The new S Pen actually connects to the Note 9 via low-level Bluetooth connectivity, allowing you control of your phone from up to 10m away. And there’s more. Want to playback a video or pause a Youtube video from playing? Simply tap on the button. So instead of tapping at the screen to pause a song, say while listening to music at home, just use the S Pen.

If you’re giving a presentation on your phone, use the S Pen to move the slide forward with one tap, and back with two taps. Samsung’s offerings are currently available on most of its built-in apps, though the company says it will work with third party folks who want to optimise an app with the S Pen for the Note 9.

Other than that, the other features of the S Pen has remained intact. Extracting the S Pen from the housing will cough up Air Command when the screen is turned on. This brings up a host of features that make use of the S Pen, such as taking notes, cropping images or creating a live message. A live message is a technically a screen recording of a doodle made with the S Pen. Nothing says I Love You or Happy Birthday quite like having the recipient watch it being created.

And for those wondering why there’s a yellow version of the pen, here’s the thing – the yellow pen, which writes in yellow by default when the screen is off, is only available in the blue model of the Note 9, so be picky when you make the colour selection of your choice. The black writes in white, while the pink and brown pen write in their respective colours. We’re not encouraging you to buy a phone based on the colour of an accessory… actually, we might be.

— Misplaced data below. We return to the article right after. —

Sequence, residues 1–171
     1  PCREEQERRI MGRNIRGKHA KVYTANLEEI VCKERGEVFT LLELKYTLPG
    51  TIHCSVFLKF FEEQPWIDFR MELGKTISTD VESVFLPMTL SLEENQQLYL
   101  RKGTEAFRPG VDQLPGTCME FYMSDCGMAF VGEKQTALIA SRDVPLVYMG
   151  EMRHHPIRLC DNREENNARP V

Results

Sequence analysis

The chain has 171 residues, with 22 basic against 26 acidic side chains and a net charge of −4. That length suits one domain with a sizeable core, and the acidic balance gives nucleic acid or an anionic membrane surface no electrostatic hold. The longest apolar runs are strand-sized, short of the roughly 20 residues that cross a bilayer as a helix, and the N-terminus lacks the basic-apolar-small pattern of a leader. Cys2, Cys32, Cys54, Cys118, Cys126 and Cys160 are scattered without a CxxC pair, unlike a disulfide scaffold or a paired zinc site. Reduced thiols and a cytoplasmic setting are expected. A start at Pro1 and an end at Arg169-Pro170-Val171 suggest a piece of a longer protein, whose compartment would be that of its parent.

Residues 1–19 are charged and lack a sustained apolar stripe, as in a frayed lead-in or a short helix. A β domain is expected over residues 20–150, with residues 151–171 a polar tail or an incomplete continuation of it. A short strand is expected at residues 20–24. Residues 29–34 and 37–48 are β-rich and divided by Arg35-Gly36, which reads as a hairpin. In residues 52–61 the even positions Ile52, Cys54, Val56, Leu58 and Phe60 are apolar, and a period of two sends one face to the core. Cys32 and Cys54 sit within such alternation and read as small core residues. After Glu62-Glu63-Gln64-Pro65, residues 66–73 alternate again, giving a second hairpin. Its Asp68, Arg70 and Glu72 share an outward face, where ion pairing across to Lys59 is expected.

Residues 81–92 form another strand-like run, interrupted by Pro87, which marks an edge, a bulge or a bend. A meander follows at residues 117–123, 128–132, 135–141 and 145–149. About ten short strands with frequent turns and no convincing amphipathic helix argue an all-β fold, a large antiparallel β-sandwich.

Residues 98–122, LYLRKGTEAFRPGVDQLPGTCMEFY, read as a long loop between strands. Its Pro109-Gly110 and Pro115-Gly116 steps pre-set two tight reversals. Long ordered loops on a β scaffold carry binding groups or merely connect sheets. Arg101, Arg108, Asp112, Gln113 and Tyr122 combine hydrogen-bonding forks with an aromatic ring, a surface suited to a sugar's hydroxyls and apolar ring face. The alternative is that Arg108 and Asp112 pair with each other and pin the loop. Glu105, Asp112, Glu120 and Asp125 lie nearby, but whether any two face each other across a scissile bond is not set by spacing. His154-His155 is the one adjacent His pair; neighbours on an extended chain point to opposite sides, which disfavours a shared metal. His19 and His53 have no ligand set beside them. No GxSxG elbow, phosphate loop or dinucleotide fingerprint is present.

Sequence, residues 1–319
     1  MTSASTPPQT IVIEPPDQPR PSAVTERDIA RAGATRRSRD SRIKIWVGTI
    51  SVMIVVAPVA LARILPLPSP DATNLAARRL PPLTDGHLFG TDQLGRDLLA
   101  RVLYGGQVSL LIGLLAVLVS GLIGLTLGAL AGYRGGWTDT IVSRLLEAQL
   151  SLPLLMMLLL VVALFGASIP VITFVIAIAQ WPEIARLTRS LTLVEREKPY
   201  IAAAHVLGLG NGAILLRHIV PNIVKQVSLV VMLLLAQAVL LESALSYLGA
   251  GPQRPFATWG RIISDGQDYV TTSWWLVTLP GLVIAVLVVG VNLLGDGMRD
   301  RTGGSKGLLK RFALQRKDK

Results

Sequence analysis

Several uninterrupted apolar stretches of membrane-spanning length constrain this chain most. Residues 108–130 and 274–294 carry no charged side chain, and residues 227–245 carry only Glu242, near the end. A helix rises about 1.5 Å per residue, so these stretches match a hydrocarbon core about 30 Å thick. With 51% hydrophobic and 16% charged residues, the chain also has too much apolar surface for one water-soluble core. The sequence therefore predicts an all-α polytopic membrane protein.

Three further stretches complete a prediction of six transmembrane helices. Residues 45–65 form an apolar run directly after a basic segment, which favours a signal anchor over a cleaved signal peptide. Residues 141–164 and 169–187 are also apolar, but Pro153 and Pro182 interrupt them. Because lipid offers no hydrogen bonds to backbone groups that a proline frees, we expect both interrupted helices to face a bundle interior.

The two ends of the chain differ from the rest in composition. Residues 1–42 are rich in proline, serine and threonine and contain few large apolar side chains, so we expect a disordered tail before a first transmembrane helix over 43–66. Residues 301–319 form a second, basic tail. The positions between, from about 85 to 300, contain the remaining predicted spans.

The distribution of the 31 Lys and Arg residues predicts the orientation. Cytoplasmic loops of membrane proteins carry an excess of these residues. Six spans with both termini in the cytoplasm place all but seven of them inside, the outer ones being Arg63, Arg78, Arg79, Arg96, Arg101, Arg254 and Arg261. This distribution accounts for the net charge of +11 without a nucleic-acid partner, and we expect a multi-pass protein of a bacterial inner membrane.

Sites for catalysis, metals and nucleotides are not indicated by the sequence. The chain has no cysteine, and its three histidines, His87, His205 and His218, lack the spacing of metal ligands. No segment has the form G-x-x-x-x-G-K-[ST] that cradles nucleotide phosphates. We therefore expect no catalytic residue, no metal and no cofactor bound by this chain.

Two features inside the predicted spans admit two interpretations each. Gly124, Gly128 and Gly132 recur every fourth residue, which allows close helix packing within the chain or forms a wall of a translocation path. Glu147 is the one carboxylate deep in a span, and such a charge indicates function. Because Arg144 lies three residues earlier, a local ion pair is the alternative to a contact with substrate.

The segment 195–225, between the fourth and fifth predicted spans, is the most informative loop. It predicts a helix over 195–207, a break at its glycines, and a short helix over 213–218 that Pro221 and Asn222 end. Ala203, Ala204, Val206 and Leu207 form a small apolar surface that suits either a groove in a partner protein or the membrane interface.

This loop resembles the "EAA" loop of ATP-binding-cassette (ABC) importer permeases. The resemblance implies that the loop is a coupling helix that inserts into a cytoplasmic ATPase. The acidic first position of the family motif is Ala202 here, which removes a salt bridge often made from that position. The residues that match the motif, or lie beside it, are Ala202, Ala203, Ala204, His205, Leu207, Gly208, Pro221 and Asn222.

The pen’s pressure and sensitivity is largely the same as that on the Note 8, while the camera module here matches that of this year’s S9. While competitors have resorted to a tri-camera lens on their flagship, Samsung doesn’t need to because its dual lens camera is already capable of delivering sharp, vibrant photos in day and low light conditions.

That’s not to say that the competition has nothing new to challenge Samsung with. One relatively new feature in recent years is for some phones to be connected to a regular display via HDMI, thereby operating as a mini computer and controlled by a Bluetooth keyboard. Alas, the previous version required the use of a pricey dock accessory but not this time. Maybe it has to do with the fact that the Huawei P20 simply allowed this display link feature to be made by a cheap HDMI cable and for some reason, the Note 9 offers the same feature and functionality without the Dex dock. Go figure.

The other features that Samsung has added, such as faster connectivity and Water-Carbon Cooling system for playing mobile games, are nice features to have, but they act more as a support for the main phone, than for reasons for owning the Note 9.

If you own a Note 8 or this year’s S9, the push to make an upgrade is not there. But if you’re looking for a solid, exceptional device that can juggle emails, documents, photos, videos and act like an extension of your work life, the Note 9 is the phone you need.

GEEK REVIEW SCORE

Summary

Even without a flashy feature to outshine competitors, the Samsung Galaxy Note 9 packs the best that an Android smartphone has to offer, and then some.

Overall
9.6/10
9.6/10
  • Aesthetics - 10/10
    10/10
  • Build Quality - 9/10
    9/10
  • Performance - 10/10
    10/10
  • Value - 9/10
    9/10
  • Geek Satisfaction - 10/10
    10/10
User Review
0 (0 votes)